Taking the Bus in Cuenca, Ecuador

By on June 25, 2015

Taking the bus in Cuenca Ecuador for the first time is a little like how I imagine it would be to right the “Night Bus” in Harry Potter.

Don’t get me wrong… There are no shrunken heads or goggle-eyed drivers named Ernie, but it’s still an experience I won’t forget.

My First Mistake…

My first mistake was not realizing how quickly the bus driver expects you to get onto the bus, pay your fare, and get in your seat.

The first time we took the bus, my husband got on first with the money, then the kids were behind him, and I took up the rear.

I should point out that hubby took an inordinate amount of time getting a bunch of small change into the slot, rather than just using a dollar coin and a quarter (the fare for all five of us was $1.25).

Unfortunately, the driver wasn’t patient.

The bus took off while I was still hanging out the door with one foot on the step. In fact, pure adrenaline was the only thing that allowed me to grab a handle in time to keep from being splayed all over the road.

…And don’t even get me started on how hard it is to climb those tall stairs while the bus is going 40 miles per hour around traffic circles and corners and your lungs haven’t adjusted to the new altitude yet!

Cuenca, Ecuador bus

The Ride…

Once I finally made it to a seat and breathed a sigh of relief that I had survived bus entry, I watched in amazement as the driver sped around every corner like a race car driver, nearly unseating me a few times until I learned how to brace myself.

Whenever the driver had to slow down for a really tight corner, he forced cars to back up at intersections so that he could make the turn… honking and pushing up grill to grill until they backed up.

Vigorously bouncing along in my seat, I watched other Ecuadorians get on and off the bus, holding the side rails and poles like a lifeline, and quickly realized this bus ride was the norm.

Cuenca, Ecuador Bus from Inside

A Quick Departure…

After what really only amounted to a few minutes ride, it was time to depart, and I was a little nervous after watching how quickly others got off and the bus started moving.

The driver expected you to move fast.

Hubby pushed the button for the next stop, we got out of our seats and tried to move toward the back door (It’s hard to fight g-force). The bus slammed to a stop and we scrambled off as quickly as possible.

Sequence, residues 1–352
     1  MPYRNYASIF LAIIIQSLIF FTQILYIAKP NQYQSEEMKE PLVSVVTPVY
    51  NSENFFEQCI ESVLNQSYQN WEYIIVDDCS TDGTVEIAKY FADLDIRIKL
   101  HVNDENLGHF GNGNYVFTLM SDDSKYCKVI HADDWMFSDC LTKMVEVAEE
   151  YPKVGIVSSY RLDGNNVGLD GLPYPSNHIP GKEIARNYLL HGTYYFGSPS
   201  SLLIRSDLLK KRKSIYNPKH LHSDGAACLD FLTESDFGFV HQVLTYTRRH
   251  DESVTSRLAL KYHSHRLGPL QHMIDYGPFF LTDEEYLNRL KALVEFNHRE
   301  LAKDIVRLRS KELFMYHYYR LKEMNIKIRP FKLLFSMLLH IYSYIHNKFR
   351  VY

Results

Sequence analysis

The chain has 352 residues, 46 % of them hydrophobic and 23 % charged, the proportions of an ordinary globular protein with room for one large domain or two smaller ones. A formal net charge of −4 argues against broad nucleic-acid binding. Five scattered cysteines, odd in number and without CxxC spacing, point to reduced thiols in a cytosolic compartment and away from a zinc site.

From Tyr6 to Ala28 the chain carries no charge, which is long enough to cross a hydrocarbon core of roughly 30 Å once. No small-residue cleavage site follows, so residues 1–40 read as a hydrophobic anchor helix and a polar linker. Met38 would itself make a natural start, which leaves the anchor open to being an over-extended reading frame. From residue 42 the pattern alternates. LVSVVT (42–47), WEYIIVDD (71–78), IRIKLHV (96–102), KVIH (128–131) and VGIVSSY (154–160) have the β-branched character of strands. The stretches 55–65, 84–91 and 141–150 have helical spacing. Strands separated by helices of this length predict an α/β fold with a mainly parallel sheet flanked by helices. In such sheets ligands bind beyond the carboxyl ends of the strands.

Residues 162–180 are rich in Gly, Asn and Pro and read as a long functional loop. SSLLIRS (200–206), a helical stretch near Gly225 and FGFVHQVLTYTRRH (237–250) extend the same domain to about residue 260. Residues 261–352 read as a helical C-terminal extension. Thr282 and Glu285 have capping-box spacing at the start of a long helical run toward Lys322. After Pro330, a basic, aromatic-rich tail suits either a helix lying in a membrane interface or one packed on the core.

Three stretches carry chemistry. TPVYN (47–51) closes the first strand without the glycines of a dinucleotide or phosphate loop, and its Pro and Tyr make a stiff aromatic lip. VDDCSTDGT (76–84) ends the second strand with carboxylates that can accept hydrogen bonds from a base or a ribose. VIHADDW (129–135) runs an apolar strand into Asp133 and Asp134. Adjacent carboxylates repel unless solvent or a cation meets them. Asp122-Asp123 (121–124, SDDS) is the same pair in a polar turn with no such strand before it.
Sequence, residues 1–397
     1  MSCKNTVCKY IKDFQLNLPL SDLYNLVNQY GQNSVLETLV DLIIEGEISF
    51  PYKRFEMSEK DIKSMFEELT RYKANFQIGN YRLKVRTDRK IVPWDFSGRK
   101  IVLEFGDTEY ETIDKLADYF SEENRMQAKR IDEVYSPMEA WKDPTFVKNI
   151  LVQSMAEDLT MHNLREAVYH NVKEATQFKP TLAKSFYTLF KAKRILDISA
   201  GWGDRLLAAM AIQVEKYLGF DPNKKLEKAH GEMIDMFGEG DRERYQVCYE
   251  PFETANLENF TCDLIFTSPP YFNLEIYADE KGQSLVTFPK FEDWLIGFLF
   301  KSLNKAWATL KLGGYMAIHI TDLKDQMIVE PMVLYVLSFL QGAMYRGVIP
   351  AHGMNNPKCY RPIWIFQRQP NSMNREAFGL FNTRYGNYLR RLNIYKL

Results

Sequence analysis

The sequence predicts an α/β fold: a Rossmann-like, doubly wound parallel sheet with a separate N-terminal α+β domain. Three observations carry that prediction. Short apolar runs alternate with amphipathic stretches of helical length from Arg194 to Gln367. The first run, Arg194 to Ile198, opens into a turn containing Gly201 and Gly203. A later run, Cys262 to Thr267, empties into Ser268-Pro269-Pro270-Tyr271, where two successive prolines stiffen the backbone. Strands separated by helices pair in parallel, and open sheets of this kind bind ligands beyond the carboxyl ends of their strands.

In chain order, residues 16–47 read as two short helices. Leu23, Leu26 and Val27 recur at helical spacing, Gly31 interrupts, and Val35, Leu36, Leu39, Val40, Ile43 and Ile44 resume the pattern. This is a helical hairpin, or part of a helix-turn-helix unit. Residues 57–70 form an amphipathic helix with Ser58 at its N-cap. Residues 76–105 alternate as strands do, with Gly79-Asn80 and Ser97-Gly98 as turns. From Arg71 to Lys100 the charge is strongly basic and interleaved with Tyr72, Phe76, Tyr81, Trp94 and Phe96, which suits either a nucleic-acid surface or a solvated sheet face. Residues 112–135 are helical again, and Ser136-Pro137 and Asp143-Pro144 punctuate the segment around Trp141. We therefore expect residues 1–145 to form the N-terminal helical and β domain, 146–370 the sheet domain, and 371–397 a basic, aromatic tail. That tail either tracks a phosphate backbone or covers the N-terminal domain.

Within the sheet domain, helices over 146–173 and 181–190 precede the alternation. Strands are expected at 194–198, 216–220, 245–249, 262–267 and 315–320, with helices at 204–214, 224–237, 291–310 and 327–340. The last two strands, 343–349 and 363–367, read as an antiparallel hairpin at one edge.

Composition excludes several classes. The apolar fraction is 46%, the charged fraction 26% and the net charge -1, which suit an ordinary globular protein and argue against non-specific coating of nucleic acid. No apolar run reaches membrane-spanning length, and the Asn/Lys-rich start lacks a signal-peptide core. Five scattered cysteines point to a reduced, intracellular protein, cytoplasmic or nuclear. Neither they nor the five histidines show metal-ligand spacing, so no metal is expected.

Unfortunately, I was in the rear again and the kids didn’t realize they had to get off quickly.

All four of them (hubby and the kids) also stopped right in front of the door so there was no room for me to get off, creating a bottleneck.

I jumped off as the bus started to move and nearly knocked them all down… but we all made it off in one piece.

Jack turned to me with a big smile and said, “That was like riding the ‘Night Bus’ in Harry Potter, wasn’t it?”

I couldn’t agree more.

Tips For Taking The Bus In Cuenca, Ecuador…

1. When taking the bus with a group, put the person with the money in the rear.

If you put the paying person in the rear, everyone else can take a seat while the driver waits for someone to pay. Believe me, the bus won’t move if no one pays.

2. Take a seat, even if it’s someone you don’t know.

Many Ecuadorians seem to take offense if you don’t take an available seat and opt to stand. My husband got yelled at by an older lady to pointed to a seat, but he didn’t take it. They don’t like it.

3. Give your seat up for older riders and riders with kids.

Sometimes the buses get packed tighter than a can of sardines and seats aren’t always available. If you’re sitting, give your seat up for someone who needs it more. We don’t want people to believe that all gringos are rude, and it’s really nice to see the surprised and happy look on someone’s face when you give up your seat.

4. Sit near the back of the bus when you can.

The way the buses work, you get on at the front, but you can only leave through a back door. It makes it a lot easier to get off if you’re already in the back.

5. If you have to stand, be prepared for a wild ride.

Standing on the bus can be a lot of fun, between the fast turns, the quick stops and starts, and worrying about stepping on someone’s toes, it can be a little daunting. Just remember the magic words: “Lo siento” “I’m sorry.”

6. Listen to the P.A. and watch the marque for your stop.

Until you get familiar with the bus routes, be sure to watch the marque behind the driver’s seat and listen to the P.A. system (when it works) to figure out where you need to get off. It’s not hard to understand.

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